Background: Sleep deficiency is a major public health problem. There are limited human data on whether sleep duration or disruption are risk factors for prostate cancer.
Methods: We prospectively followed 32,141 men in the Health Professionals Follow-Up Study who reported their typical sleep duration in 1987, 2000, and 2008. We identified 4,261 incident prostate cancer cases, including 563 lethal cases through 2010. Sleep disruption was assessed in 2004 among 19,639 men, with 930 prostate cancer cases (50 lethal) identified from 2004 to 2010. Cox proportional hazards models were used to evaluate the association between sleep insufficiency and risk of overall and lethal prostate cancer.
Results: In 1987, 2% of men reported sleeping ≤5 hours per night. We found no association between habitual sleep duration or change in sleep duration with the risk of advanced or lethal prostate cancer. We also found no association between waking up during the night, difficulty falling asleep, or waking up too early, and risk of prostate cancer. In 2004, 6% of men reported never feeling rested when they woke up; these men had an increased risk of developing lethal prostate cancer compared with those who reported always feeling rested when they woke up (RR, 3.05; 95% CI, 1.15-8.10).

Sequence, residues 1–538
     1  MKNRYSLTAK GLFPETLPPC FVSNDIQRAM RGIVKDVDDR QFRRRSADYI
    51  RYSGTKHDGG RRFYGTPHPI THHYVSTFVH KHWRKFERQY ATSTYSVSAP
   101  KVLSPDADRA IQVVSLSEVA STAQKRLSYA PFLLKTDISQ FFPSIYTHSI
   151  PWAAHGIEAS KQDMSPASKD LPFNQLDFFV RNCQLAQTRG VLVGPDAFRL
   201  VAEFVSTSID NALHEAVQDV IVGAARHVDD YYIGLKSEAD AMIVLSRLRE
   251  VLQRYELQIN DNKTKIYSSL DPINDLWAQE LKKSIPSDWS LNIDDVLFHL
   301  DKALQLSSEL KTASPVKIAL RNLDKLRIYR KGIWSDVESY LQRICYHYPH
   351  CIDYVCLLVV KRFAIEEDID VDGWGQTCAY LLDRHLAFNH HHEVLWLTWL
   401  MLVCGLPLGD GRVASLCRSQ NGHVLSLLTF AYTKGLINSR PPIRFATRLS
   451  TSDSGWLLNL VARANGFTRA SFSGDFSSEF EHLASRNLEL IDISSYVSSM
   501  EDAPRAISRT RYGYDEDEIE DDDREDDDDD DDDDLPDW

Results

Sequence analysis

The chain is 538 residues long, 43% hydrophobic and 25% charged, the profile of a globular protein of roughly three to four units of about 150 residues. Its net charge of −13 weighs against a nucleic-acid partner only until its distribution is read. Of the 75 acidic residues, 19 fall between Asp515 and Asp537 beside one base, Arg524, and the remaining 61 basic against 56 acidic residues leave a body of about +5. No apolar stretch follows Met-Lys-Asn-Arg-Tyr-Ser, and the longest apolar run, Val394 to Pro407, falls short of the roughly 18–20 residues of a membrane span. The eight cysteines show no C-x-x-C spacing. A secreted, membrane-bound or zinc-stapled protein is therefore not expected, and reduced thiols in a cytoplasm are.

Conclusions: We found no consistent association between self-reported sleep duration or sleep disruption and any of our prostate cancer outcomes.
Impact: We did not find support for a consistent association between self-reported sleep and risk of advanced or lethal prostate cancer in this large cohort of men.
©2015 American Association for Cancer Research.